The Joys of Berg Lake:
By Peter Austen
Berg Lake in late August after a 12-mile hike from the Yellowhead Highway
is a sublime pleasure. The mosquitoes have all gone back to the Yukon;
their southern biting holidays over and the last of the alpine gentians
are packing it in for the winter. Fall is in the air, leaves are just
turning light orange and the north face of Robson is bare of snow. In
its place blue and green ice hangs suspended below giant gargoyles.
Oh joy! We have pork chops and Cajun spices and a small bottle of unopened
Drambuie. Icebergs drift lazily around Berg Lake and the occasional
splash whips your head around as another Volkswagen sized berg hits
the lake from the Mist Glacier.
can hear vague shouts from the ghost of Curly Phillips, the horsepacker,
and the clients of Konrad Kain in 1913 as they made ready to have a
crack at "The Mountain of The Spiral Road" as the native people called
Robson. Mount Robson is a very difficult ascent from any side. The weather
is notoriously fickle and believe it or not on average Mount Everest
welcomes three times as many people on its summit as Mount Robson does.
In some years no one reaches the one square meter of snow on top.
Falls tumbles along to the side of the Robson Chalet and it is a super
half-day hike along its banks. There is a hidden cave on the lower slopes
of Mumm Peak about one hour above the Chalet. Take a flashlight or lose
yourself forever in its slippery labyrinth.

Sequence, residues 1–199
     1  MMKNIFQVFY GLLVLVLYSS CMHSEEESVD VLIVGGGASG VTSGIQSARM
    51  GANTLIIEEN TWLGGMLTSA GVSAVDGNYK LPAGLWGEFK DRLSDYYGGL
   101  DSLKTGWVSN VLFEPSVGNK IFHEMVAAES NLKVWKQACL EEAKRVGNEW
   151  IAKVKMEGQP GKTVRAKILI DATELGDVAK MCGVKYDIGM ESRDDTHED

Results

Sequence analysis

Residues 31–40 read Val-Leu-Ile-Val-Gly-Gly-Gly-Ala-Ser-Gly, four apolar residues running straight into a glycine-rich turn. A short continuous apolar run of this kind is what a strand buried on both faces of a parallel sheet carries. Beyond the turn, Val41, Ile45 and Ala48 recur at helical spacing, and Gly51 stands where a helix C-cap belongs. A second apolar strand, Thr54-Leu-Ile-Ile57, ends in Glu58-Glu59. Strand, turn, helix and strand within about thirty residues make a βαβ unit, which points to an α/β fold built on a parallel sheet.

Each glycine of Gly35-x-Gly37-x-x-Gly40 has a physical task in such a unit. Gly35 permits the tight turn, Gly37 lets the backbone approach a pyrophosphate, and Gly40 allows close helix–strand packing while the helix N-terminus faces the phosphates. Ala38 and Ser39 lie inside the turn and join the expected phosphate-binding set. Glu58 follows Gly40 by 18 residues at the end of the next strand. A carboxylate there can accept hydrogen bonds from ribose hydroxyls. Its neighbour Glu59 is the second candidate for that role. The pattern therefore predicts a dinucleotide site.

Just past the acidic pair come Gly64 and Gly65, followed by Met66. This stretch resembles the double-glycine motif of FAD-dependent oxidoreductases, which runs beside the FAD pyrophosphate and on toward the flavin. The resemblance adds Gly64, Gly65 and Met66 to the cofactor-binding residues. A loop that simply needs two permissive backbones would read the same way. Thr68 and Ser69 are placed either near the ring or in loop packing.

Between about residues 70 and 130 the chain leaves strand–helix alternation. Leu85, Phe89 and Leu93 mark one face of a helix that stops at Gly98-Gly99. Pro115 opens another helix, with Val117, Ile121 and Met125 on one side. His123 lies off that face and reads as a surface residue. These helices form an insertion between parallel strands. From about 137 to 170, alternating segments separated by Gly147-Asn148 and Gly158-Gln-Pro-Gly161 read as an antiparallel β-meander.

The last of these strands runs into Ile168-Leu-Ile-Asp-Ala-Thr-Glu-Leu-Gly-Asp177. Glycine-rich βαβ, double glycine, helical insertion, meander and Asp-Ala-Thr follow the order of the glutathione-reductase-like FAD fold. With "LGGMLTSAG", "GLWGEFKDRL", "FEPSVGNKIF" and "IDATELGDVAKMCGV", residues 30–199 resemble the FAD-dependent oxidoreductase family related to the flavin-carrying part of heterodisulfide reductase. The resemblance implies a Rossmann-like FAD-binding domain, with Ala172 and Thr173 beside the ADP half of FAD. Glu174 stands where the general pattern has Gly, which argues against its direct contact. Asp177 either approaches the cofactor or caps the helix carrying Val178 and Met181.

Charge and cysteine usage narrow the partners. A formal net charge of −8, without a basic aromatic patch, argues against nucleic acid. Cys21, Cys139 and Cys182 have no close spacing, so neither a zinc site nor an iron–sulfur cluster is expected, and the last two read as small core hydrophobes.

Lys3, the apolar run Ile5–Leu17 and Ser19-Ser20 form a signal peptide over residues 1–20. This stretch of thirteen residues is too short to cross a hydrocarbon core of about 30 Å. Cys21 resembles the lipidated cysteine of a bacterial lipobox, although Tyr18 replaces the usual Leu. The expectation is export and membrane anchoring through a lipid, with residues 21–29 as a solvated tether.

by the shores of Adolphus Lake reminds me of my childhood in the English
Lake District. Meadows, poplars and conifers meld into the landscape.
It is peaceful here at the turn of the summer season.
Pass is three hours hike from Berg Lake Chalet and is occasionally closed
to save the trails from erosion but when I can go up I wait in the meadows
high up for about an hour. Then I am usually privileged to have ten
Hoary marmots sit on my lap and cast their big brown eyes into mine.
Nuts, give me nuts, their hypnotic secret code implores. I know I shouldn't
but I give in – they are so cute and I can't live on one thing all the
time can I? A complete circumnavigation of Robson takes about ten days
and is a wilderness undertaking starting at Moose Pass. The trail can
be very hard to find. The north boundary trail starts from Berg Lake
and goes through some glorious isolated country to finish at Celestine
Lake in Japer Park. I knew it was isolated when I ran into a grizzly
bear and we took off at high speed in different directions.